Like an addict, it made me do awful things. I lied to people I loved, I betrayed confidences, and I consistently shut myself away from joy I didn’t feel I deserved. Building this unnatural self left me exhausted and filled with a physical pain, which ached inside of me. It carved itself against my heart with each breath, with every move I tried to make, like something hard and vitrified. A tooth I created inside myself, to eat me alive. This physical pain was the price I paid, I thought, and it was, of course, Shame.
I learned to cry myself to sleep. It was a private release I could allow myself. As I grew older and became a more fully formed and stronger person, that ritual of crying myself to sleep became an opportunity to recharge and to begin to let go of some of the panic and shame. Honestly, I became accustomed to it. The price I paid for Shame, nothing more.
The Pajama Game
On my birthday, in 1989, I scored a free ticket to see The Pajama Game. I remember very little of it, except of course that Judy Kaye is a marvel and a force of nature. I came home to my apartment in the East Village, where my roommate and his girlfriend had a small cake and a gift for me (a brass letter opener, which I still have). My roommate fell asleep, and I sat chatting with his girlfriend in my bedroom in the wee hours of the night. I was, after such a long day, and this sweet surprise, exhausted.
And so, I started crying. Not bawling or sobbing, just crying.
Holding on to a perfectly normal conversation with tears rolling down my face. It was a perfectly normal, acceptable ritual for me. But I could see on her face it was shocking…so I told her not to worry. This is perfectly normal and everyday. I do this every, every night. She still looked—stunned. Maybe frightened.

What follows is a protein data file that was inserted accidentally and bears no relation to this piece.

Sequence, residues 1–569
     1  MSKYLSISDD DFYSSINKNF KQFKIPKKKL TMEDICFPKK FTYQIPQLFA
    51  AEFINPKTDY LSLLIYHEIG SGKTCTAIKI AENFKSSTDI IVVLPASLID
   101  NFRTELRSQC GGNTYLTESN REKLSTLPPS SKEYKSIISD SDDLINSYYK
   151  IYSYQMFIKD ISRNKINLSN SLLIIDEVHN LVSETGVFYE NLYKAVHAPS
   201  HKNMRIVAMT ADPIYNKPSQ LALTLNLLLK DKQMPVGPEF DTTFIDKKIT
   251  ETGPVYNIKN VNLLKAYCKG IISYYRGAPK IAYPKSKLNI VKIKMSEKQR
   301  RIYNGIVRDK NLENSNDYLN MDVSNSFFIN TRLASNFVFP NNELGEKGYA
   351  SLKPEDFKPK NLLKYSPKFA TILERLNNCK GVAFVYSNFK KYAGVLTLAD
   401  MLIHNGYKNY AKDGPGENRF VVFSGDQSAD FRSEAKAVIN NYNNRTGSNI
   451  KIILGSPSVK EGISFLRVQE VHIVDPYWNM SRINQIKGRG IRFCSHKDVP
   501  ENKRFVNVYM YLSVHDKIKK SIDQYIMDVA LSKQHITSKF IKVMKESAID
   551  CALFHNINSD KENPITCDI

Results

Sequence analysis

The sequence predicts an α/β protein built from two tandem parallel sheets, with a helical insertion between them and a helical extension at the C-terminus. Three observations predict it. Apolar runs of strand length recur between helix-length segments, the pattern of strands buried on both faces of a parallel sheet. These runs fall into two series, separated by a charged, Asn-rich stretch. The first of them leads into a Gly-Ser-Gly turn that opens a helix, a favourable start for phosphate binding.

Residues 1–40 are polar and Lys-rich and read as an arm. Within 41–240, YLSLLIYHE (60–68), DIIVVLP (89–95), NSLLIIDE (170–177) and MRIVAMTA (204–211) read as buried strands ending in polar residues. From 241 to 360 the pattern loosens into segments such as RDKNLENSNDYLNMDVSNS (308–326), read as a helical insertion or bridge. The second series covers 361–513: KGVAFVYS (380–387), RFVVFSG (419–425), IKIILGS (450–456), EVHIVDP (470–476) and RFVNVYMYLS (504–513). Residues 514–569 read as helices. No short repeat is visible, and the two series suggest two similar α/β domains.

‘No, no…it’s nothing. Nothing. Honestly. I just do this. I cry every night. Before I sleep. I just lie here and cry, and cry, and it’s normal. Perfectly normal. It’s just what I do. It’s just that I am so lonely. So terribly, terribly lonely, and I just cry…that’s all…’
Then she asked the question no one had asked me before: ‘Michael? Is it for a man?’
At that moment, everything opened up as I formed the word: ‘Yes.’
I bawled through the night with her, just pushing past all the knots and teeth of shame I had built inside my body, letting everything fall on the floor of that little apartment on Second Avenue. Letting it fall on the floor and pool, and seeing at last that all that shame was not only powerless to hurt me, but useless, heavy, and unnecessary. I had a second chance now, to carry myself forward without that weight, without everything I had built inside of myself to destroy me. I stopped putting energy into my game of hide in plain sight.
I had begun to move shame aside. Now, I would need to work very hard to replace it with Pride.
Happy Pride Month, Everyone. Whatever voices you have inside of you, I hope they are building you up, and not tearing you down.
And Judy Kaye? You really were fabulous in The Pajama Game.”
This story was submitted to Love What Matters by Michael Whistler of Minneapolis, MN. You can follow his journey on Facebook, their website, and blog. Submit your own story here, and be sure to subscribe to our free email newsletter for our best stories, and YouTube for our best videos.